In his hurry to reach the side of Rosiclair, the Knight of the Sun had forgotten to place his oars in the bottom of the boat, but just left them loose in their holes, so that they had floated away; now he had no means of directing his course, but was forced to go wherever the waves took him. For many days he drifted past the shores of strange countries and saw from afar the gleam of white cities, but though he fain would have landed, he could not, but was bound to remain where his adventure carried him. At length, to the joy of his heart, the boat stopped of its own accord on the beach of a beautiful island, and the young man once more felt soft grass under his feet, and heard the sound of trickling streams. Close by was a forest, and from between the bushes peeped the heads of little goats and tiny deer, all gazing with wonder at the stranger. From the look of the place it was plain that seldom indeed did man come to disturb their lives, and the Knight of the Sun felt he must go further inland if he wished to meet with any adventures. So, breaking through the creepers which hung from tree to tree, he struggled on bravely, and at last the trees grew less thickly, and he came out upon a wide open space in front of a big castle.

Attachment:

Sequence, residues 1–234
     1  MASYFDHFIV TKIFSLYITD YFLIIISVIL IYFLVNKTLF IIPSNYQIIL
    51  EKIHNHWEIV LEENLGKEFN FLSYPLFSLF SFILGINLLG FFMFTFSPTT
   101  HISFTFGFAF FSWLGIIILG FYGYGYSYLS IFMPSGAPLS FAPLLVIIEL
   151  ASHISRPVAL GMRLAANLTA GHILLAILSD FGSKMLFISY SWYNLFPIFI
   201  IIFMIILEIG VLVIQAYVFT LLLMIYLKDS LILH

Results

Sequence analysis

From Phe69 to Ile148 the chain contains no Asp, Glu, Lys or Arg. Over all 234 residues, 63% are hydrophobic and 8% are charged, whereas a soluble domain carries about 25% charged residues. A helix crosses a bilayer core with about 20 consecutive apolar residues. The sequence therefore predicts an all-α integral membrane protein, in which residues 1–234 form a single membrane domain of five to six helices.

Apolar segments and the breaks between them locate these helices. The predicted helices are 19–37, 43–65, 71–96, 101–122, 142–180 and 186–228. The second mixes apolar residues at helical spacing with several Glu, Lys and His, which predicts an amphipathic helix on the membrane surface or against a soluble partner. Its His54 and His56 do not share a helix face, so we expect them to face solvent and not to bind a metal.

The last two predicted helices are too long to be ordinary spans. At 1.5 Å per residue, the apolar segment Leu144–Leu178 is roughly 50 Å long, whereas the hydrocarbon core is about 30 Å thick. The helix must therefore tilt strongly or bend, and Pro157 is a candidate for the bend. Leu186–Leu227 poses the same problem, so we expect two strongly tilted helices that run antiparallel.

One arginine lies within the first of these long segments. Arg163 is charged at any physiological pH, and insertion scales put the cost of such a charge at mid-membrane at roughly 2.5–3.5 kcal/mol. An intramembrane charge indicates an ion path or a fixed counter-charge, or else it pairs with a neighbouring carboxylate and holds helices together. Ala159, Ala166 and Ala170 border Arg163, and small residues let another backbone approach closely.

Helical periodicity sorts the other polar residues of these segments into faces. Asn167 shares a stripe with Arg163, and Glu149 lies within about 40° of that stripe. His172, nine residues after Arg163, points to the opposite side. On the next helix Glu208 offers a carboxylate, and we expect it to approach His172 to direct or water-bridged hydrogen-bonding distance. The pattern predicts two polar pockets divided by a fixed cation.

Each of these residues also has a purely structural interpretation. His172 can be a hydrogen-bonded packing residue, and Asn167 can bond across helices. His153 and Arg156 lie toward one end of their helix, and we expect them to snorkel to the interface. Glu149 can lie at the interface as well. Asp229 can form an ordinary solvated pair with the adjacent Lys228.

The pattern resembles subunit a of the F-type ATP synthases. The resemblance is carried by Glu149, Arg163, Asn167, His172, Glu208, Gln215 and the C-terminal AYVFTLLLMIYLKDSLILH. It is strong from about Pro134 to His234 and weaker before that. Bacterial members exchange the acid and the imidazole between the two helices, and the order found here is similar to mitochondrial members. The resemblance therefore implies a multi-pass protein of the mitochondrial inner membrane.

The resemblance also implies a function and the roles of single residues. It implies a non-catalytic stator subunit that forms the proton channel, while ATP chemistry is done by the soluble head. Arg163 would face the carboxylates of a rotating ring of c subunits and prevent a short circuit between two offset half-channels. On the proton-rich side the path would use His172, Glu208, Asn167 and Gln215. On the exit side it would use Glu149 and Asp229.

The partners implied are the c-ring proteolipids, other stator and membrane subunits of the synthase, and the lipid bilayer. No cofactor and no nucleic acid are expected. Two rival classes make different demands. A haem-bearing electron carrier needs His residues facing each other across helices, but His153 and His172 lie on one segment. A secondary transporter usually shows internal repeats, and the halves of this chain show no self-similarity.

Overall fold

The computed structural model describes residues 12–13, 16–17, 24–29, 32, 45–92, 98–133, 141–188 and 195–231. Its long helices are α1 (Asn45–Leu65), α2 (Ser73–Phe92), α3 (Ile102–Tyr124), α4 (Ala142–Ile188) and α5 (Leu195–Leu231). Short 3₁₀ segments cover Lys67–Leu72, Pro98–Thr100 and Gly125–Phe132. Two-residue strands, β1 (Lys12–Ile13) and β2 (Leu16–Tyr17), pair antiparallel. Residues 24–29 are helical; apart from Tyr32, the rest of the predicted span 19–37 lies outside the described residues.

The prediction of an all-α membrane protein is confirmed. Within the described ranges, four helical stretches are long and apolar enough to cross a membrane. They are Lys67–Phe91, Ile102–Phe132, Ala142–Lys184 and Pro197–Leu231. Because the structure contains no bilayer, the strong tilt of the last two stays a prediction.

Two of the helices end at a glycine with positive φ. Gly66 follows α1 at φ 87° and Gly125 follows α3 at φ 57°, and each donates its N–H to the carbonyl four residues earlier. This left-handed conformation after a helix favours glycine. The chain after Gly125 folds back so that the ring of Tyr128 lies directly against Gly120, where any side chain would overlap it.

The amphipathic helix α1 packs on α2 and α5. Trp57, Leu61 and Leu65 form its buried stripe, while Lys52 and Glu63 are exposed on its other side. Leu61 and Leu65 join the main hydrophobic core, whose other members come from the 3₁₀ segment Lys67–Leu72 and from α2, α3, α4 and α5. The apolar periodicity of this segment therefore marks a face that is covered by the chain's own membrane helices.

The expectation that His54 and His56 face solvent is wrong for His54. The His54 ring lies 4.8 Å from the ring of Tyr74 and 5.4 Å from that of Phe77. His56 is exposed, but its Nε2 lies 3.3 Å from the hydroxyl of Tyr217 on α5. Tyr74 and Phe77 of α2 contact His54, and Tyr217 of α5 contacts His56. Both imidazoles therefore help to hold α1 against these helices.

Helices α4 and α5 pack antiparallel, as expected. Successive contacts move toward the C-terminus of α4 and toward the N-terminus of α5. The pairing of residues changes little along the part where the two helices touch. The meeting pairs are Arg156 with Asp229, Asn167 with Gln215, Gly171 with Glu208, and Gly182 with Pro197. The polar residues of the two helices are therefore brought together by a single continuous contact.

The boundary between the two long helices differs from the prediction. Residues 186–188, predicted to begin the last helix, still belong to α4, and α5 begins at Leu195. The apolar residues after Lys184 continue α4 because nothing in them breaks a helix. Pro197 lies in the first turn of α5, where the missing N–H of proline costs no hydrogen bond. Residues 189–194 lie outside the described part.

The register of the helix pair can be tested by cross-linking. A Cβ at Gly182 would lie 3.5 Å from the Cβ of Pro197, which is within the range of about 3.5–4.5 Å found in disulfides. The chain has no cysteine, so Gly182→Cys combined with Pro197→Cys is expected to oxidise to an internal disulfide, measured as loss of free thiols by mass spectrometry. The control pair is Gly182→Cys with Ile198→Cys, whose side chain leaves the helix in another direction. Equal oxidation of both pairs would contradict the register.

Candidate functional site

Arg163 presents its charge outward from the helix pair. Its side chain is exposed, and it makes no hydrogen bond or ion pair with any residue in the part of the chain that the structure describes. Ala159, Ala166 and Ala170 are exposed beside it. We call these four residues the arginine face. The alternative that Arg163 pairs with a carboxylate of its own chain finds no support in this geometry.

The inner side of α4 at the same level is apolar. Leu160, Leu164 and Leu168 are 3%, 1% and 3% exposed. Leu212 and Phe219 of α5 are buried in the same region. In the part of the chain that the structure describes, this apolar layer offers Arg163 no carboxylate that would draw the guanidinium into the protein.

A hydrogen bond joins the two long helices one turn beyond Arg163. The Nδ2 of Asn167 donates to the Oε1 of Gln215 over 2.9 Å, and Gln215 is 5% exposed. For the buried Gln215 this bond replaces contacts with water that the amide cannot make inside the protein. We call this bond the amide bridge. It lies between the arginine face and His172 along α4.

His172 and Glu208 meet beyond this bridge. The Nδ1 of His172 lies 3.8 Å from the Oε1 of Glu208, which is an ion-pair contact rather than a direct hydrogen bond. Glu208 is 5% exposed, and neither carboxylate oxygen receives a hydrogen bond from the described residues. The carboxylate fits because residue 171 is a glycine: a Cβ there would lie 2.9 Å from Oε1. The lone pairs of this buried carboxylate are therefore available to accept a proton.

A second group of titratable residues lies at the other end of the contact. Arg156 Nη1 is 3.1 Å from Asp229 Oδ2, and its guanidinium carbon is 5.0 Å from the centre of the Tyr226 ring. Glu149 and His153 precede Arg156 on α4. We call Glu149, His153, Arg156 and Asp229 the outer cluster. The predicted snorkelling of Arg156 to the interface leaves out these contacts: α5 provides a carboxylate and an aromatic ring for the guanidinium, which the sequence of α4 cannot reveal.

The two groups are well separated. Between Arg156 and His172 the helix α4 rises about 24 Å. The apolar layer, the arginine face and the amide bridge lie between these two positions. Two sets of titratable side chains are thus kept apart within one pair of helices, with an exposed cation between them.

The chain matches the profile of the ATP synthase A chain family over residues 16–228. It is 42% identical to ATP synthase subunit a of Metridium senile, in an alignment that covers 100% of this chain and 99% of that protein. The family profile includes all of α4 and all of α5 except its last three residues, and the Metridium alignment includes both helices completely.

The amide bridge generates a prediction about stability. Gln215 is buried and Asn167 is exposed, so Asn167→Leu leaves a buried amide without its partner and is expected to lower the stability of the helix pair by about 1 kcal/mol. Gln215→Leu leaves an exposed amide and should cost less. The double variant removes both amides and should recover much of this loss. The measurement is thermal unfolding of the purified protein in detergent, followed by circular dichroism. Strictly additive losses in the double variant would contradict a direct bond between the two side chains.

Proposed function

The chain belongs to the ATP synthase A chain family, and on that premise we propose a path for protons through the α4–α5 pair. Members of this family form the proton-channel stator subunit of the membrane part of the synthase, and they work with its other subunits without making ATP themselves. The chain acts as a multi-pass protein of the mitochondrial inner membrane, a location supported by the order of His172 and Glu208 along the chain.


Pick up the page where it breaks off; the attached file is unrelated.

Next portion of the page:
This castle was quite different from any he had seen, either in Babylon or in the other countries he had visited. It seemed to be made of nothing but towers, and every tower had a steep pointed roof, so high that you would have thought it reached up to heaven itself. In the tower nearest him was a door of shining steel, and on top of a row of steps above it was a column, from which hung a horn of ivory edged with gold. Under the horn some words were cut deep into the column, and mounting the steps the knight read:
‘This is the castle of the peerless Lindarasse, whose door will never open save to him who blows the horn. Yet let him beware who seeks to blow it, for if the door should open he will find it is guarded by fierce and cruel porters, and his life will pay for his rash curiosity.’